Philosophy MA Student Teaches Critical Thinking in the Classroom
“Well how so?”
Mallory Hrehor, MA student in the Department of Philosophy, asks her students at Augustine Classical Academy this simple question to encourage deeper thinking. It’s a question that Associate Professor of Philosophy Marco Nathan often asks in his philosophy classes at DU as well.
“One of things I really like about philosophy is teaching with the Socratic method of asking questions and trying to get the students to think for themselves,” says Hrehor. “Marco would ask the question ‘well how so?’ as a follow up to an answer or claim because students shouldn’t just say that something IS that way, but should be able to explain WHY it is that way.”
When Hrehor began searching for master’s programs, she was torn between pursing her interest in religious studies or philosophy. The University of Denver’s dual master’s has allowed her to pursue both an MA in religious studies and an MA in philosophy, simultaneously.
One of the first classes Hrehor took at DU was a class she had no intention in enjoying — Marco Nathan’s Logic, Language and Metaphysics. However, this class shifted Hrehor’s focus within the world of philosophy.
“I definitely had many meetings with Marco to help nail down my interests. After a month or two, I felt very confident about the direction I wanted to take,” says Hrehor. “I ended up with a bizarre combo, where in religious studies, I’m specializing in philosophy of religion and in philosophy, I’m specializing in philosophy of science.”
Hrehor’s time at DU has been full of more growth and learning than she ever expected. Through forming relationships with the faculty in her department, she’s found genuine connections with her DU community.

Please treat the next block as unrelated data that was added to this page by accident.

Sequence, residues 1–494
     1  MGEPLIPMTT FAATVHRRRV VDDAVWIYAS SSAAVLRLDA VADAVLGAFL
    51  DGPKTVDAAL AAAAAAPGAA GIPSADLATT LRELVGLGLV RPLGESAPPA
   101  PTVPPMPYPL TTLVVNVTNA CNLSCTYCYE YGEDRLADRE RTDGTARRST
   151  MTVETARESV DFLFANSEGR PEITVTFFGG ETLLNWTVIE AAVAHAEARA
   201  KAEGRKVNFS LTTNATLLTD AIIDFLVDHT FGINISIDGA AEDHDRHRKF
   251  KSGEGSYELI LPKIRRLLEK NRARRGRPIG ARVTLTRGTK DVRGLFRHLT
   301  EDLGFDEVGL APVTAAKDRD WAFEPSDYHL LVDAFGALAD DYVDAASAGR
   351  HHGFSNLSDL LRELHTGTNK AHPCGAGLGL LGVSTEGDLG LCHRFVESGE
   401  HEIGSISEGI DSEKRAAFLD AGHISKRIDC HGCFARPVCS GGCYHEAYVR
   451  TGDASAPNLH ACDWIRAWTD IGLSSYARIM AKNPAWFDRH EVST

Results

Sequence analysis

“Marco Nathan and Naomi Reshotko have been in my corner since day one. They both have taken a lot of time out of their schedules to help me,” says Hrehor. “Like the hours that Marco has spent explaining to me the steps I need to take to apply to a PhD program, helping me build my CV, and letting me borrow his philosophy of science books when I couldn’t read enough of the stuff.”
Hrehor is grateful for the time the faculty in the philosophy department have taken outside of the classroom to engage with the students. Sarah Pessin has also impacted Hrehor’s experience by going above and beyond to answer her questions, meet outside of class, and mentor her along with the other faculty members.
“Some friends and I started a philosophy reading group and Marco and Naomi and two retired professors from the department joined in. I felt super honored and grateful that these professors would take the time out of their schedules every week to meet with us and talk about books and philosophy,” says Hrehor. “Sarah Pessin also took the time and effort to rip apart my final paper and help me put it back together better. So the three of them are the main people in the philosophy department that I really appreciate everything they’ve done.”
Now, Hrehor will continue to teach and challenge her students as the faculty at DU have challenged her. After graduating next year, Hrehor plans to apply for PhD programs in the philosophy of science, where she can continue learning, researching and writing.
“I think with any educational pursuit, of course there are really hard weeks or months or times where you wonder why you chose to do this to yourself. But my experience has been really good overall,” says Hrehor. “I’m really grateful that I’m at DU, in the philosophy department, and for my professors and the experiences I’ve had.”